The underlying mechamisms of neurological manifestations of rotavirus infection are not completely understood. Detection of rotavirus RNA in CSF of some patients with CNS symptoms supports a hypothesis of direct viral invasion [39]. However, the significance of this finding remains unclear. It has been found that viraemia occurs during the acute phase of disease [40], but most studies in humans have failed to demonstrate a correlation between viraemia and seizures in rotavirus gastroenteritis [41, 42]. Other mechanisms that have been proposed to explain the association between rotavirus infection and seizures focus on the role of the rotavirus non-structural protein 4 (NSP4) [43]. It has been suggested that NSP4 could act either through direct CNS infection (supported by detection of rotavirus RNA in CSF), or indirectly by entering the bloodstream from the intestinal mucosa [43]. NSP4 has been shown to induce nitric oxide metabolites, which are highly reactive free radicals [44]. Nitrites and nitrates are raised in both serum and CSF in patients with rotavirus-associated seizures [45]. It is also known that NSP4 plays a major role in mobilizing intracellular calcium. Rotavirus causes a two- to three-fold increase in intracellular calcium concentration. Disruption of calcium homeostasis induced by NSP4 plays a critical role in the pathogenesis of diarrhoea [46]. It has also been suggested that rotavirus may induce seizures, or increase susceptibility to them, through the same NSP4-induced calcium homeostasis alterations [47]. This hypothesis was tested in a retrospective study of 35 patients in Korea, which found lower serum calcium levels in the patients with seizures compared to those without seizures [47]. However, it remains to be demonstrated whether the reported decreased serum calcium concentration is associated with alterations in neuronal calcium homeostasis.

From a clinical perspective, despite increased use of PCR testing in CSF specimens, the number of cases of childhood encephalitis with unknown aetiology in England is increasing [48], underlining the need for new approaches in the diagnosis of encephalitis. Failure to identify a viral cause could lead to unnecessary antimicrobial treatment. British Guidelines on management of suspected viral encephalitis in children recommend stool PCR testing for enteric viruses as an ancillary investigation in encephalitis associated with gastrointestinal symptoms [49].

An association between rotavirus vaccine and decrease in seizure-related hospitalisation and emergency department visits has been recently suggested. A retrospective analysis of 250,601 infants in the United States showed that full vaccination is associated with an 18–21% reduction in the risk of seizures during the first year after vaccination [50]. A study from Spain reported similar findings with a 16–34% decrease in hospitalisation rates for seizures in children less than 5 years of age following the introduction of rotavirus immunisation [51]. The impact of vaccination was more obvious in infants between 1 and 2 years of age with a 27–52% decrease in hospitalisation rates for seizures. No increase of seizures in older children was found, which might suggest a longer duration for the protective effect of vaccination [51]. It is still unclear whether the protective effect is mainly driven by a reduction in non-febrile or febrile seizures.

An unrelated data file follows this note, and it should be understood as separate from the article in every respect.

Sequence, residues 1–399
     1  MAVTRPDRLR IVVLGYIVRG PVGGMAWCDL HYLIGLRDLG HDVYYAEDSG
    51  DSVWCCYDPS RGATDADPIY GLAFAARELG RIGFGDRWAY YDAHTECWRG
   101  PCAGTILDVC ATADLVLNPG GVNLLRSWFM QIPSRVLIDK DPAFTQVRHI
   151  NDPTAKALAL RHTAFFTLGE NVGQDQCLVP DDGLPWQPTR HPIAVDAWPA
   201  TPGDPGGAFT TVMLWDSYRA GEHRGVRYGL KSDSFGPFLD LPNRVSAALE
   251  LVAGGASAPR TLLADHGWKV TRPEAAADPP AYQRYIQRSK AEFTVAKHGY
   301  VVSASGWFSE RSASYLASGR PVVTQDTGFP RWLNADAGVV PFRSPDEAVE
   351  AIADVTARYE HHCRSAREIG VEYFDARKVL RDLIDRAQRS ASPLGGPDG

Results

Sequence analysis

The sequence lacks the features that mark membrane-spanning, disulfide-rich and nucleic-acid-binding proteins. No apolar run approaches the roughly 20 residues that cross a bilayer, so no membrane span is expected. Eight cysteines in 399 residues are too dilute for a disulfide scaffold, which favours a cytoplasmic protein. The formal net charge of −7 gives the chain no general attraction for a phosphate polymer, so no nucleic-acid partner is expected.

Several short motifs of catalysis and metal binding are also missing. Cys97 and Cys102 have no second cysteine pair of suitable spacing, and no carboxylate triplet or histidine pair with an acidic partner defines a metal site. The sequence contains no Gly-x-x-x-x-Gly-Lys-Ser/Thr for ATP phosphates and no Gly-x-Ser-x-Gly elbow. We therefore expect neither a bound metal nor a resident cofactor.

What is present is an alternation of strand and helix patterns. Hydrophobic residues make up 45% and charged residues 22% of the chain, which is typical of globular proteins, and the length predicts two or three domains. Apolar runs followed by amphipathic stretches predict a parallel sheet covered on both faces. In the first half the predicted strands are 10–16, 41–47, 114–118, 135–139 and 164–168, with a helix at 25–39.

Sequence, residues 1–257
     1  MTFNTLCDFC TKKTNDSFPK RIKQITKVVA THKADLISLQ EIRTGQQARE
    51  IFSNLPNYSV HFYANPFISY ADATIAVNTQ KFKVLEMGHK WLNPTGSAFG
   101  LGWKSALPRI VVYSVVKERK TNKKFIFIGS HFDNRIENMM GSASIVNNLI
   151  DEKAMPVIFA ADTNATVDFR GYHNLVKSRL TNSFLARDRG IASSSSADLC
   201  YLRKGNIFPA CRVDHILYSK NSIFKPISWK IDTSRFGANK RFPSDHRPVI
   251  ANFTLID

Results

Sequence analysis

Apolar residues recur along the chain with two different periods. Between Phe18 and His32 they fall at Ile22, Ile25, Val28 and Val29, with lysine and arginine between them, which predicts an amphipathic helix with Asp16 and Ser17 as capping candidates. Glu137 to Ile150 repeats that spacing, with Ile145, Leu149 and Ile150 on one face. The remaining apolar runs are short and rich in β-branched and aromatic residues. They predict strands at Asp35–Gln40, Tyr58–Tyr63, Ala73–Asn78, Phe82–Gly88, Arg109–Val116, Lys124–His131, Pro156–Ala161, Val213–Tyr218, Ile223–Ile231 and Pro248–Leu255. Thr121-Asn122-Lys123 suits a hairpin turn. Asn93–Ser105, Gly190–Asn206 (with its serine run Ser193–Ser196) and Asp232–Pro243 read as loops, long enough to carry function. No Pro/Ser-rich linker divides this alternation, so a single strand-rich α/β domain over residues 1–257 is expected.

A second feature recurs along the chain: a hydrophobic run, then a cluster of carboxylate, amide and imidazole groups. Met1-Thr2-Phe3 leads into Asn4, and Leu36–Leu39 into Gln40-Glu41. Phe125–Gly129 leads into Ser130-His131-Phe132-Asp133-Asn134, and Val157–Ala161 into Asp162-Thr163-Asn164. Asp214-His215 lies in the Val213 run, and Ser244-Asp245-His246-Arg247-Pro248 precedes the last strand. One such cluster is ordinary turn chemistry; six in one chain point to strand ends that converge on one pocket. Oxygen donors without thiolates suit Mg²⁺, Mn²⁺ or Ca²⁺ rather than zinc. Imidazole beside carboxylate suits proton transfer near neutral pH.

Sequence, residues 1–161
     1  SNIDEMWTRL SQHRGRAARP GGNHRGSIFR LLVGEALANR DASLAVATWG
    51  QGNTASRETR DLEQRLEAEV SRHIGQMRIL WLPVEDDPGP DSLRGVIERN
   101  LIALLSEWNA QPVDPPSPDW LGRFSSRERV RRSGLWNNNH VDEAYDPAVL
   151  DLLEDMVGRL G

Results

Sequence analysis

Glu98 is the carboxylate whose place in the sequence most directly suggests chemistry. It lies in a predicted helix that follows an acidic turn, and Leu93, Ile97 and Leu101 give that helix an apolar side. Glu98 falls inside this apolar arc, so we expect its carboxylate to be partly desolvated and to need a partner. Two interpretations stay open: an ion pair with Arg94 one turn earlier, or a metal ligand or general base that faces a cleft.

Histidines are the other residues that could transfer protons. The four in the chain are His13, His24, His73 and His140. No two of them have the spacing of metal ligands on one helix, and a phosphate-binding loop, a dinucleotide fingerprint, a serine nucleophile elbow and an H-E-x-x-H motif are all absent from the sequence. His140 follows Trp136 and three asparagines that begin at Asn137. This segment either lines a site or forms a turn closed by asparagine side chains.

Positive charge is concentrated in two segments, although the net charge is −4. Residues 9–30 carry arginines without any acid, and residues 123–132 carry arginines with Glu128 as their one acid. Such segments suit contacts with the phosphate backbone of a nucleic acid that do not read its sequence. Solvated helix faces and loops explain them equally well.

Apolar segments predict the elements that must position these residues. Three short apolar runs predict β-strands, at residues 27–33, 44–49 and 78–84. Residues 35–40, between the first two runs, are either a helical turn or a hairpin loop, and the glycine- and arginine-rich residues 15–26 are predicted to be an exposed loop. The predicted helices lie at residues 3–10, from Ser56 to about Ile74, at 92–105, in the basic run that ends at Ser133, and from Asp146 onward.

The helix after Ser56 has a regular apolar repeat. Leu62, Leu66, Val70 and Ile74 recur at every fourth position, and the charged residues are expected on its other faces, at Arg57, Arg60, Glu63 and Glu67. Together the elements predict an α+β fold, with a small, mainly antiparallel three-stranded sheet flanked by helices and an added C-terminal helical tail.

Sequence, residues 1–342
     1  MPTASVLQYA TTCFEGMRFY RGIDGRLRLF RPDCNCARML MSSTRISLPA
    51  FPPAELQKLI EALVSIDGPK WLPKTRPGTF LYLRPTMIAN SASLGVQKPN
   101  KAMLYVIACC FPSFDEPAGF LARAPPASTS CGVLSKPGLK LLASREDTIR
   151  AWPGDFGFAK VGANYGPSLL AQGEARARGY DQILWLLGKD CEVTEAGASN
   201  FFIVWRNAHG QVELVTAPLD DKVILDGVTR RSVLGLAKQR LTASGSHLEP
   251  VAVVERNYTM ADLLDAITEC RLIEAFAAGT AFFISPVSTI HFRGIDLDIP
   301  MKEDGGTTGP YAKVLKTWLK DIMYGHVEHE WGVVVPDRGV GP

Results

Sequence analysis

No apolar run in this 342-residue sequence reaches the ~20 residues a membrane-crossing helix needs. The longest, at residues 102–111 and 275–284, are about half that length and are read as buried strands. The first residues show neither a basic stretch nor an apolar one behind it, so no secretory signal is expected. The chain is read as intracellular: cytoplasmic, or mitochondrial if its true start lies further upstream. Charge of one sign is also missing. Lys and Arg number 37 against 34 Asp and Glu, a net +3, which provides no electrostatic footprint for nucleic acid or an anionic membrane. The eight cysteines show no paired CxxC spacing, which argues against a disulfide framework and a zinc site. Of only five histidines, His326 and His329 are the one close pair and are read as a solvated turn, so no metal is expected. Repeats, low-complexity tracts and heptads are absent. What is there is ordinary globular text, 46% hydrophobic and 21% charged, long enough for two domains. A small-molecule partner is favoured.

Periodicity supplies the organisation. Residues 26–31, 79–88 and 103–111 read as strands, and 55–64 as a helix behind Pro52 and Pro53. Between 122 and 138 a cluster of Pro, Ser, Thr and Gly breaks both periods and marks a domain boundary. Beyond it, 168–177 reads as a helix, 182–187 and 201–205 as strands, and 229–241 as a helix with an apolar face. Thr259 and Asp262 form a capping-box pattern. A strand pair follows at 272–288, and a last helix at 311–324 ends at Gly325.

This study had strengths and limitations. We were able to select children based on molecular virology results, allowing us to compare clinical features among children with rotavirus compared to other enteropathogens. In the hospital sites in which the study was conducted, blood PCR for enteric viruses is not used for routine diagnostics of acute gastroenteritis, therefore no data on viraemia status were collected. CSF PCR for rotavirus is not part of the routine viral panel for encephalitis and was only requested in one case. We excluded more children than anticipated, predominantly because a fairly high proportion of those with positive PCR results were assessed and treated outside the hospital setting. This led to a relatively small sample size, although cases and controls were well matched on age and sex. The study is limited by its retrospective design, meaning we relied on documentation present in clinical records; inter-observer variation in dehydration assessment and limited use of GCS to access conscious level could have influenced our findings.

Conclusion

In summary, this study of children presenting with gastroenteritis in three UK hospitals confirmed that rotavirus causes more severe disease compared to other viral pathogens, with children more likely to present with fever, dehydration and metabolic acidosis and require admission or re-admission to hospital. Seizures and milder neurological signs were surprisingly common and associated with multiple pathogens, but encephalopathy occurred only in children with rotavirus-positive gastroenteritis. Therefore, it is important to consider rotavirus infection in the differential diagnosis of a child with encephalopathy or encephalitis, particularly if associated with diarrhoeal disease. Rotavirus vaccination may reduce seizures and presentation to hospital with severe gastroenteritis, but vaccines against other pathogens causing gastroenteritis are required.

Supporting information

S1 Table. Complications in children with rotavirus-positive gastroenteritis with seizures and/or encephalopathy and rotavirus-positive gastroenteritis without neurological symptoms.

https://doi.org/10.1371/journal.pone.0194009.s001

(ODT)